Directed by Mamoru Oshii
Starring: Atsuko Tanaka or Mimi Woods (English Dub)
Genre: Animation, Action, Sci-Fi
With a live-action adaptation set to hit cinemas in 2017, I decided to review the animated sci-fi film Ghost in the Shell, based on the original manga series of the same name.
Set in 2029 Tokyo, Mamoru Oshii creates a futuristic capital, extrapolating potential technological advances. The story revolves around Section Nine, a security force predominately run by cyborgs. Protagonist Major Motoko Kusanagi uses her cybernetic body and advanced intelligence to both track and fight criminals, as well as instruct her team. The plot follows Motoko’s team in their attempt to catch a master hacker going by the name of The Puppet Master, whom Section Nine initially assume to be human. As the plot unfolds, The Puppet Master’s origins are discovered and its identity is revealed.
As the story unfolds Motoko contemplates her existence, and the idea of what classifies someone as a human is a constant theme throughout the film. Her body is completely cybernetic, but she has no way of knowing whether her ‘ghost’ (or her soul) has been a part of her since before she became a cyborg, or is simply part of her programming. The film poses the same query to the audience, leaving viewers to decide whether it is the ‘ghost’ (mind and soul), the ‘shell’ (body) or a combination of the two that makes someone human.
Ghost in the Shell immediately thrusts the audience into the middle of the action, introducing Motoko during an assassination in the first scene. Scenes of intense action and violence are juxtaposed with scenes with nothing but fantastic images of the futuristic Tokyo accompanied by a tribal-esque soundtrack. Whilst elongated panning location shots with no dialogue tends to slow films down, these scenes provide a powerful reflective break in an action-packed story.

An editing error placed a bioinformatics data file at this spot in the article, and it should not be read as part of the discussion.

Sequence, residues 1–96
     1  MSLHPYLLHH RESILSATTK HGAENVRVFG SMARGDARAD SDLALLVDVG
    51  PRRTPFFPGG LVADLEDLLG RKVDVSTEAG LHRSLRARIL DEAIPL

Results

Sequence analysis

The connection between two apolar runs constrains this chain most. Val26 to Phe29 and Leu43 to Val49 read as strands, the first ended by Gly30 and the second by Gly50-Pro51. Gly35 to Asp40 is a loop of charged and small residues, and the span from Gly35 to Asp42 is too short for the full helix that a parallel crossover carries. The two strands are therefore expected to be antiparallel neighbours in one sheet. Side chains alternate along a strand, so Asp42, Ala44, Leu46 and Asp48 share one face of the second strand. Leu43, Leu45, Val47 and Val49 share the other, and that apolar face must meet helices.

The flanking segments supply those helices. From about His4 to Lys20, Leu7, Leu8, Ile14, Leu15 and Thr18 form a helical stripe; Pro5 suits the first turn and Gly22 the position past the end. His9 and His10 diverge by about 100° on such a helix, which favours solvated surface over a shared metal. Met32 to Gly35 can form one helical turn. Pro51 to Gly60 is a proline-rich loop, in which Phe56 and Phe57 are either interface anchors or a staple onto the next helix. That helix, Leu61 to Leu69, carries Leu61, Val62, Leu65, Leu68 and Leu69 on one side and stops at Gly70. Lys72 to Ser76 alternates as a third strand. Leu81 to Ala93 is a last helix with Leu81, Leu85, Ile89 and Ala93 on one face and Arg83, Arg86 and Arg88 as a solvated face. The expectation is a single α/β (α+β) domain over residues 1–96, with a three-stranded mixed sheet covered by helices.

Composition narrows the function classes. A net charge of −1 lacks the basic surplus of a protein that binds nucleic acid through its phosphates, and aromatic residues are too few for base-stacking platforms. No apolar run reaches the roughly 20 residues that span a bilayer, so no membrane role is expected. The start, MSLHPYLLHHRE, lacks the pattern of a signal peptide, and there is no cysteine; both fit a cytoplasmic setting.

The animation and CGI in Ghost in the Shell holds up well today. Obviously, having been made 22 years ago, the quality of the graphics is by no means HD. However, the 90’s style Japanese animation adds a visual charm and nostalgic value. Given Ghost in the Shell is set in a futuristic modern Asian metropolis, the slightly retro, Matrix-esque visuals were somewhat to be expected. The action scenes are also extremely compelling. The stylized violence typical of anime films is enthralling and believable in the context of the film. The fighting and chase scenes are fast, intense and gripping but never absurd.
The main point of division for viewers of Ghost in the Shell is the ending. There is a distinct ambiguity and lack of closure at the end of the film. In the final scene of the film, Motoko is seen entering a new existence. Her new being is explained to an extent but there remains an element of mystery as to what she has become and what her future holds. As a result, the film is left open ended, meaning viewers are left to draw their own conclusions based on their own perceptions, thoughts and imaginations.
Ghost in the Shell is a stylish, captivating film that gets you thinking. Oshii has incorporated ‘What does it mean to be human?” into an action-packed sci-fi flick. Whilst the open ending works well for me personally, the film may potentially have been stronger had it been less abrupt. Regardless, Ghost in the Shell is a stimulating film which has withstood the test of time. I would gladly watch it again.
Below is the trailer for the live-action remake of Ghost in the Shell starring Scarlett Johansson, coming to cinemas March 30.